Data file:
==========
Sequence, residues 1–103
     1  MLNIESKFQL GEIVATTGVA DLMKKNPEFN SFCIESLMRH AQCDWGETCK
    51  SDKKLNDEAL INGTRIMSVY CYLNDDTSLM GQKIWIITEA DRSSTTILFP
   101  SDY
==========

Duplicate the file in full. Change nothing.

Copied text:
Sequence, residues 1–103
     1  MLNIESKFQL GEIVATTGVA DLMKKNPEFN SFCIESLMRH AQCDWGETCK
    51  SDKKLNDEAL INGTRIMSVY CYLNDDTSLM GQKIWIITEA DRSSTTILFP
   101  SDY